Why We Fight

It’s no Kony 2012!

I’m enough of a cynic to know that no one learns anything from the past, at least Eugene Jarecki can sleep well knowing he was right.

While Jarecki’s documentary “Why We Fight” was released in 2005, it (sadly) seems just as fresh as it did seven years ago. Featuring: John McCain, the late Chalmers Johnson, Richard Perle, William Kristol, Gore Vidal, Joseph Cirincione, Karen Kwiatkowski and the family of President Dwight D. Eisenhower.

(Hat tip to Soraya Sepahpour-Ulrich)

Things to Do in Denver When You’re Dead

In an otherwise OK report on the attorney general’s assassination address, Adam Serwer of Mother Jones quips, “There won’t be any drone strikes in Denver anytime soon.” I say, “Wanna bet?”

I mean it. I assume that “Denver” is a synecdoche, so Serwer just needs to clarify “soon” and we can start haggling over the extent to which his wealth will be redistributed.

Better make that Afterlife Advice video soon.

Let’s run down what we know: The current administration has asserted the legal authority to assassinate U.S. citizens without any external oversight. Non-citizens might as well be insects; they can be obliterated at the whim of a lowly joystick operator. Even if you trust Barack the Benevolent to draw some bright line at drone use within the borders of the United States, he may not be president 10 and a half months from now, and he certainly won’t be five years from now. Drones are proliferating among domestic law-enforcement agencies at all levels. So far, these craft are unarmed, but how long before some smart manufacturer or deranged authoritarian suggests using armed drones to preserve the sanctity of the Rio Grande? Wouldn’t that save the lives of our brave ICE officers? And so on, with the DEA, the FBI, and the rest.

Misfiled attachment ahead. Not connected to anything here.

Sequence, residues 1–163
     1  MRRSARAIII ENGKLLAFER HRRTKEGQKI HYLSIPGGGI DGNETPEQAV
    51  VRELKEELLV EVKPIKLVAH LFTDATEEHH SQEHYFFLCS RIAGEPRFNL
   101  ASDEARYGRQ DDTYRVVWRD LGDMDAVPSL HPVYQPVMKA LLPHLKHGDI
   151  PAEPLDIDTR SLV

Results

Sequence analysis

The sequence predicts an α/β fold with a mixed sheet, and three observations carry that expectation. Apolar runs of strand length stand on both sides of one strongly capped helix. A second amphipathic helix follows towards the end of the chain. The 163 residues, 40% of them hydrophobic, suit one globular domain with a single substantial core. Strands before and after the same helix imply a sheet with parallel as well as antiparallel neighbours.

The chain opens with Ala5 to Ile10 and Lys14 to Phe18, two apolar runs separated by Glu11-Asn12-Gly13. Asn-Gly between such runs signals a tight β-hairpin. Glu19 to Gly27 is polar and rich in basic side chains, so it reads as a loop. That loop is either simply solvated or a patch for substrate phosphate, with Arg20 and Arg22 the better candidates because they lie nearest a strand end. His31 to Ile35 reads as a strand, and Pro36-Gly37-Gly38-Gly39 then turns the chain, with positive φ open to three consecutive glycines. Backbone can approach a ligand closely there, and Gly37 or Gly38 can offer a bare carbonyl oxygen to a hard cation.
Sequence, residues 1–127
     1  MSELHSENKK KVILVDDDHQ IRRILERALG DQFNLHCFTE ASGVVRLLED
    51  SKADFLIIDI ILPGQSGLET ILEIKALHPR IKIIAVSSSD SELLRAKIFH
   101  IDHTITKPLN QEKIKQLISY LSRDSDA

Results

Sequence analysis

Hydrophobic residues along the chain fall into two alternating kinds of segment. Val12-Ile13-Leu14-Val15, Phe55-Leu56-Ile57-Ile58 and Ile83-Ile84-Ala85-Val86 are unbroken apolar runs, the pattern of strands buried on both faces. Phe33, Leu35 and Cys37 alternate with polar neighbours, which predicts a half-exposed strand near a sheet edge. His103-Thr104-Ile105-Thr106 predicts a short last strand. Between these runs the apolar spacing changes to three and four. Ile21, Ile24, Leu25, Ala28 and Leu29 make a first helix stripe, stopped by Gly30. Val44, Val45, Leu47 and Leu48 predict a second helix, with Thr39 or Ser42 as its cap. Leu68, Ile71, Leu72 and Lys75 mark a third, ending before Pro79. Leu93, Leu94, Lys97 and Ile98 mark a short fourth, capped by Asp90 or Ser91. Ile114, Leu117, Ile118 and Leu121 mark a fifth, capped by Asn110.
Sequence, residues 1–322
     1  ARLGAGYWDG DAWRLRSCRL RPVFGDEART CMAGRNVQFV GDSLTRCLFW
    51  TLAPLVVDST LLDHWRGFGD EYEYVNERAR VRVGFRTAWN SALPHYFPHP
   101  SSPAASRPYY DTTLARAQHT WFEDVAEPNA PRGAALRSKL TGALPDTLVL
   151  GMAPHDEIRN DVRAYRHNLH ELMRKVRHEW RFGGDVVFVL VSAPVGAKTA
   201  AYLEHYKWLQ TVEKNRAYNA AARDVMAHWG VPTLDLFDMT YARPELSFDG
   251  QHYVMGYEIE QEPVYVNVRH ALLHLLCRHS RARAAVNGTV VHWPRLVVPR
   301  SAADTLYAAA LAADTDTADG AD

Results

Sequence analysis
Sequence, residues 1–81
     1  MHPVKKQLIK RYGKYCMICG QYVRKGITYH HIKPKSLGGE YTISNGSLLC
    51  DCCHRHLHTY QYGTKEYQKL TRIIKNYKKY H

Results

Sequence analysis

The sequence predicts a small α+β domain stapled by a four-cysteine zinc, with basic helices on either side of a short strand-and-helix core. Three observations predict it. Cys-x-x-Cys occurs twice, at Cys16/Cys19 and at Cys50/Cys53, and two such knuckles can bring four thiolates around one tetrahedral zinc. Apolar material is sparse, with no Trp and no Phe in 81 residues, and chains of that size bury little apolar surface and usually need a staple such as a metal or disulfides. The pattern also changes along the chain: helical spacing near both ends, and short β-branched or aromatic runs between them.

The first drone assassination on American soil may not happen on Obama’s watch, but it will undeniably be part of his legacy.

Beltway Braces for a Very Cratchit Christmas

Today’s Washington Post informs us that “for the holidays, the spies say they’ll scrimp.”

This year's CIA party will be much more subdued.

[W]ith budget cuts looming, party plans are being pared back for the Director of National Intelligence and the CIA. …

Under then-director Leon E. Panetta last year, the CIA brought in shipments of California wine, and served fried oysters, grilled shrimp and quesadillas. His predecessor, Michael V. Hayden, made sure there were musicians playing Irish music while stations set up inside the agency’s cavernous headquarters hallway served drinks and hors d’oeuvres. …

But the CIA and DNI both acknowledged this week that the events this time around will be smaller, cheaper and off-limits to the press. Director of National Intelligence James Clapper said the holiday austerity reflects the nation’s financial condition.

“Scaling back our holiday celebrations is just another small example of our commitment to making sure that we continue to make wise fiscal decisions across the board,” Clapper said in a prepared statement.

The measures come at a time when the Obama administration is also probably eager to avoid any appearance of opulence amid the sour economy and soaring national debt.

Tiny Tim celebrates the good fortune of the military-industrial complex.
Elsewhere in the Post, though, we read that while “home prices continue to fall, D.C. bucks trend.” And — oops! — I left out the last graf of that other story:

Indeed, the party savings are probably more meaningful symbolically than financially. A U.S. official said the annual DNI party typically cost about $50,000, or roughly the cost of a single Hellfire missile, and a fraction of the $54 billion spy budget this year.